AS IT APPEARED IN THE CITY OF LEXINGTON4
In June, 1s3t23.
BY LUNSFORD P. YANDELL, M. D.
Professor of Chemistry and Pharmacy in Transylvania University'
CHOLERA, as is known to the readers of this Journal,
appeared in this city in the early part of last November, and
after prevailing very slightly for a few days, suddenly disap-
peared. The winter which followed was as healthy as usual.
Measles were epidemic during the first spring months, and
scarlet fever, which had never entirely ceased since its first
appearance the winter before, proved exceedingly fatal in a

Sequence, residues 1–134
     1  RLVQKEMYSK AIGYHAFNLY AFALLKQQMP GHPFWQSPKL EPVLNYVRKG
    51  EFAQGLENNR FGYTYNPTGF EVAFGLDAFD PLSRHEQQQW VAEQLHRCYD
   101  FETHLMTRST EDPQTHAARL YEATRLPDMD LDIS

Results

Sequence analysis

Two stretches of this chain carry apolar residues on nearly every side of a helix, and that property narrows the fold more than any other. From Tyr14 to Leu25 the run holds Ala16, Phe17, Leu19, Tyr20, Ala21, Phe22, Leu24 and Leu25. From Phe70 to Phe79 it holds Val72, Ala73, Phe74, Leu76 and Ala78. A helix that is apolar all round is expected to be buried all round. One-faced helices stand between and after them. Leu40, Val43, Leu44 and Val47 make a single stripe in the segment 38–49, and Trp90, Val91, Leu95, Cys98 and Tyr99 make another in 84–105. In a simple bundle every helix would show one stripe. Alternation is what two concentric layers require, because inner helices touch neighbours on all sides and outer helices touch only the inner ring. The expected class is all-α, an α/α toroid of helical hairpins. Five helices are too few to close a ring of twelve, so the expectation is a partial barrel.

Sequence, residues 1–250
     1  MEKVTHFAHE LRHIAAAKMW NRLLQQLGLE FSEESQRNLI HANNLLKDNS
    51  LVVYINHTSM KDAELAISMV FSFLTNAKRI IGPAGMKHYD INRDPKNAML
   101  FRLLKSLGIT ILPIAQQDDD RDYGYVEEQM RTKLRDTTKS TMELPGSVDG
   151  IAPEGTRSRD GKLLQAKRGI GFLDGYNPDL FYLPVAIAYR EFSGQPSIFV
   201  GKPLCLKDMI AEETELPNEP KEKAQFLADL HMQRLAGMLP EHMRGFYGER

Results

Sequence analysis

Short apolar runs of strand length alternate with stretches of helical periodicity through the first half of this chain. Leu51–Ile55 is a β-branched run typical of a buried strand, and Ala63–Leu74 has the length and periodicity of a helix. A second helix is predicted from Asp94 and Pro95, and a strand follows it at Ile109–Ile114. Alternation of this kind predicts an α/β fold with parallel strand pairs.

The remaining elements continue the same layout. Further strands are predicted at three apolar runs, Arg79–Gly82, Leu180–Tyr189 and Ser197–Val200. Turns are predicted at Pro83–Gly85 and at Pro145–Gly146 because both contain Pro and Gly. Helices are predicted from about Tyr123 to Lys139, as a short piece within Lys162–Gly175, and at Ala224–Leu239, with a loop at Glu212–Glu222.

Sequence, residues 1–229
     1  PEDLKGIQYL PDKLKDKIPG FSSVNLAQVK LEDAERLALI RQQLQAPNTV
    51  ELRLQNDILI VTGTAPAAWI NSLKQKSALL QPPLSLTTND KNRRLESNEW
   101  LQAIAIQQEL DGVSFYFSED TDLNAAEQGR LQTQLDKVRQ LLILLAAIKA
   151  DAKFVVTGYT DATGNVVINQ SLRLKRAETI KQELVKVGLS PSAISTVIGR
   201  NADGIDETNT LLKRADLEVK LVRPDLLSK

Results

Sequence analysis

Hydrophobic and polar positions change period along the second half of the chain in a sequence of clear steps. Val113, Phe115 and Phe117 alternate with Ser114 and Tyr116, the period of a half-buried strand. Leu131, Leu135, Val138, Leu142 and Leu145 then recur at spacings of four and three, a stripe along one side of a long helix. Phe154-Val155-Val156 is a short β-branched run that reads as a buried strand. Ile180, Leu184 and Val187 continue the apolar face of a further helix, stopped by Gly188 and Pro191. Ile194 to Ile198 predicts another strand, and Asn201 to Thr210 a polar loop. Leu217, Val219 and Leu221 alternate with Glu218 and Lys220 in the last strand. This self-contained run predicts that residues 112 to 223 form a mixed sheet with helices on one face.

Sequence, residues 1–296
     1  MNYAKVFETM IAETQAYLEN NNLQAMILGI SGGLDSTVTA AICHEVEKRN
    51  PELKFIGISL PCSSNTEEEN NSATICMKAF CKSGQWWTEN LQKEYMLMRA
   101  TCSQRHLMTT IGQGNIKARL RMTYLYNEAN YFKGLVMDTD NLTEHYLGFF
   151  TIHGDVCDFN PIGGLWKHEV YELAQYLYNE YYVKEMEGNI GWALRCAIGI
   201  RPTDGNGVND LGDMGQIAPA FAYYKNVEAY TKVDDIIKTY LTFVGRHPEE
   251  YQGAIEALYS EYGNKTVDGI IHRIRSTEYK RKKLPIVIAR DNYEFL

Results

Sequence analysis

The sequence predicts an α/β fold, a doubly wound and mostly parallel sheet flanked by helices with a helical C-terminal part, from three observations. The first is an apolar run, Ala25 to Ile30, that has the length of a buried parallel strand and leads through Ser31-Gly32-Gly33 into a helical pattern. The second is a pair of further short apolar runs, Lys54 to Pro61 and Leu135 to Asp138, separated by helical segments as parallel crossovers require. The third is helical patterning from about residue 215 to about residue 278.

number of families. The entire subsidence of cholera in
the fall, after manifesting so little malignity, created a gene-
ral feeling of security in the citizens. Very little fear of a
second ard more violent invasion had been felt, when, with-
out premonition, and while the city was enjoying its usual
health, it broke out in June with a virulence which but too
clearly proves how little the local situation and general good
health of a place are to be relied on, as affording an immuni-
ty from this epidemic.
The weather which preceded the irruption of the epidemic
is worthy of note. The winter was generally mild and open.
though once in January, and a second time in March, the
thermometer fell to zero. About the 12th of April there